Small Plates, Small Portions for Small PeopleLizzie Heiselt
Kids these days are growing up too fast. They’re acquainted with tragedy, death, and destruction from the time they realize there’s a world outside their house. They’re sexualized long before they even know what sex is. They’re developing diseases that were once reserved for hard-living adults. And along with adult problems, adult attitudes, and adult illnesses, they’re being handed adult plates to eat off of.
Okay, so that last one might sound like the last things parents should be worried about, but the truth is that along side those adult-sized plates, we may be handing our children their adult-sized clothing and adult-sized diseases: obesity, Type 2 diabetes, heart disease.
A recent study has shown that kids eat more when they have more space to put their food, and often that means they’re eating adult-sized portions rather than ones that are appropriate for their age and size.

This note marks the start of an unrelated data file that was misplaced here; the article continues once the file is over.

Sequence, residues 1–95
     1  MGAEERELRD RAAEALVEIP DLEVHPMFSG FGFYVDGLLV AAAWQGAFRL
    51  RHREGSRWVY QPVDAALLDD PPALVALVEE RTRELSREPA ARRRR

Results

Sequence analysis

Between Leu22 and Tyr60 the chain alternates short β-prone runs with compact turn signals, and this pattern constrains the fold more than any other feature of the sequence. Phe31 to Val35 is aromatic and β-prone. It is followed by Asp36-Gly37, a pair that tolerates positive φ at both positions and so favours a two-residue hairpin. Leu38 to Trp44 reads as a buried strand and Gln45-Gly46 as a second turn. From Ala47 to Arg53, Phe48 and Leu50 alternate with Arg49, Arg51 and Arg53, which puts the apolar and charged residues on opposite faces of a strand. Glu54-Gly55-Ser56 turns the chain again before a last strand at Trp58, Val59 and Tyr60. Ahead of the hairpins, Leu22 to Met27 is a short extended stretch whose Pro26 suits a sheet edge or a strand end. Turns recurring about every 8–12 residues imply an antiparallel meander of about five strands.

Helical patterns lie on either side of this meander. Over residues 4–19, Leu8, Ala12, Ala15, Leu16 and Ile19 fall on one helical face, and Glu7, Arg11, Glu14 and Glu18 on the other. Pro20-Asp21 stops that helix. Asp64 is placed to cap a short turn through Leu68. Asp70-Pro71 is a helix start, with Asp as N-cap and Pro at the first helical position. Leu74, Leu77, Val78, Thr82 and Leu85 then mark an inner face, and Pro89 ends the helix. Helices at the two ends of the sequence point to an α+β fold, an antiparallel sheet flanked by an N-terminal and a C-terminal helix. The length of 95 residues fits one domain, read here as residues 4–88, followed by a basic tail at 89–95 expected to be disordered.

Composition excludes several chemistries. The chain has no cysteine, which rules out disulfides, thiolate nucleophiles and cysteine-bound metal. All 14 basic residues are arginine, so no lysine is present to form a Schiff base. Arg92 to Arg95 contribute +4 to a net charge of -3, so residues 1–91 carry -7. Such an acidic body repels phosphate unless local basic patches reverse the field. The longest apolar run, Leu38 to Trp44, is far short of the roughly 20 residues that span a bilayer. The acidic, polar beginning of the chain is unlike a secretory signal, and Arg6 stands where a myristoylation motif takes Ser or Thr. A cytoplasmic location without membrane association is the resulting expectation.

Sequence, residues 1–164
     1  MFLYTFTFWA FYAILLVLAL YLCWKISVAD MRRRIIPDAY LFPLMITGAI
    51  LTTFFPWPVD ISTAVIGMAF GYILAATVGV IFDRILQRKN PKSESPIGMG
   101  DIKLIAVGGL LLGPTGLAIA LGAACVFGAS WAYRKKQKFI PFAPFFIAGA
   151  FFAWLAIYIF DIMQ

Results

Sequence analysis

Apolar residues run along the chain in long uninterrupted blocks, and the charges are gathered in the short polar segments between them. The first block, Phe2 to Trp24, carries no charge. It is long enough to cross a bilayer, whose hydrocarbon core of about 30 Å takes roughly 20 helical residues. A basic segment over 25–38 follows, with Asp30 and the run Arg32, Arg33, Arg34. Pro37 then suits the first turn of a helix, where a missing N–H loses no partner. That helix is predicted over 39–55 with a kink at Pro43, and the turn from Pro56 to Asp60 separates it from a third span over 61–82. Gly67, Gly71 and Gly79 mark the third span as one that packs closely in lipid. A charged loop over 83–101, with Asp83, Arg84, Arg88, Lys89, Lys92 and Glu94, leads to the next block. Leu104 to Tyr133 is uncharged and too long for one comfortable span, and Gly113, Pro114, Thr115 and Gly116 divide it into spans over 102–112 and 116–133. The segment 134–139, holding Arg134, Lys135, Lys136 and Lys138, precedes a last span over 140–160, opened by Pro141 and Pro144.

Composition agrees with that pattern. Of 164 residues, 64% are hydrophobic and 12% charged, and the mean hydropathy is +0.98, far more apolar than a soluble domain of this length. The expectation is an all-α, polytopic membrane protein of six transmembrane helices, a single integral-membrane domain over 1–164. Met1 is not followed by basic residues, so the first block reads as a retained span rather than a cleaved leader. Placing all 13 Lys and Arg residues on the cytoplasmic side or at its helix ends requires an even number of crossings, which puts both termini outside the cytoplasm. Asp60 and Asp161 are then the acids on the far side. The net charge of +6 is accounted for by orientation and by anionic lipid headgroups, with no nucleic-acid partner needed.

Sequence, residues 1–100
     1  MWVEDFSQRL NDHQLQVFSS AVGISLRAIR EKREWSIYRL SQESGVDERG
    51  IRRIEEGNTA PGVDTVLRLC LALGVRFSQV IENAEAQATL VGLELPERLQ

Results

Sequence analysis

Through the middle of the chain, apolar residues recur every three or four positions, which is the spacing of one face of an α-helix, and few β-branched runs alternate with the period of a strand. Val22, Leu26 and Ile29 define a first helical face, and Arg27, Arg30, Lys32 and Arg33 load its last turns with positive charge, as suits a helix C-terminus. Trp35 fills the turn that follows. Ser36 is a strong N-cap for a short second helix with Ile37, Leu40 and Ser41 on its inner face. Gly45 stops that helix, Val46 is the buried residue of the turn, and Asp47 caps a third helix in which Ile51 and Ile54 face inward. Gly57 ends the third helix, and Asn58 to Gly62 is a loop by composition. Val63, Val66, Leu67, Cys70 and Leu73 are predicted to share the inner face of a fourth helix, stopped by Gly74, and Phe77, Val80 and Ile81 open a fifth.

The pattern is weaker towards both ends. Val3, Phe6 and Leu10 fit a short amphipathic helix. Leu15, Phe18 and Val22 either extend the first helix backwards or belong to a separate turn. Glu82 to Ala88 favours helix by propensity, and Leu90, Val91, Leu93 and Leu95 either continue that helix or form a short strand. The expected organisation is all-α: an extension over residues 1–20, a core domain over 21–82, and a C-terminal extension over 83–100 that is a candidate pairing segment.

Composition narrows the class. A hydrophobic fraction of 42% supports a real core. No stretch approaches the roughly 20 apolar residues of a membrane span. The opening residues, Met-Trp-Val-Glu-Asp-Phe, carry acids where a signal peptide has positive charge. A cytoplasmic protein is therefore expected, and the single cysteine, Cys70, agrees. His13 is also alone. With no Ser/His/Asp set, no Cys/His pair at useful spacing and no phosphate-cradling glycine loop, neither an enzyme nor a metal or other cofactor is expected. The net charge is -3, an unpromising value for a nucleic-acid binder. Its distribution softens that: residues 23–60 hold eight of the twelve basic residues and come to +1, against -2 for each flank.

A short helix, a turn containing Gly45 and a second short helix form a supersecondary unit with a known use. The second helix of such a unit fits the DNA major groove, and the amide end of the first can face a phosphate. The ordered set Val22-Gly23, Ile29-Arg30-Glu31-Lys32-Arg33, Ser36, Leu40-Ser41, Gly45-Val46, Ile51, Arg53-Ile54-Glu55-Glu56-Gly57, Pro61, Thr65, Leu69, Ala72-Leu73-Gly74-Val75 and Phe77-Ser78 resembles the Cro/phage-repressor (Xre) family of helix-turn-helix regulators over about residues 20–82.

The study, published in this month’s Journal of Pediatrics, showed that children load up large plates with more food, and therefore eat more, than when handed plates that are more appropriate for their size.
The same is true for adults: larger plates means more food can fit on it without looking like it’s too much. Perceptions of portion size change, and, with it, the size of our pants.
So next time you hand your kid a plate and tell him to serve himself, make sure that just like the media he consumes, it’s age appropriate. His health and well-being may depend on it.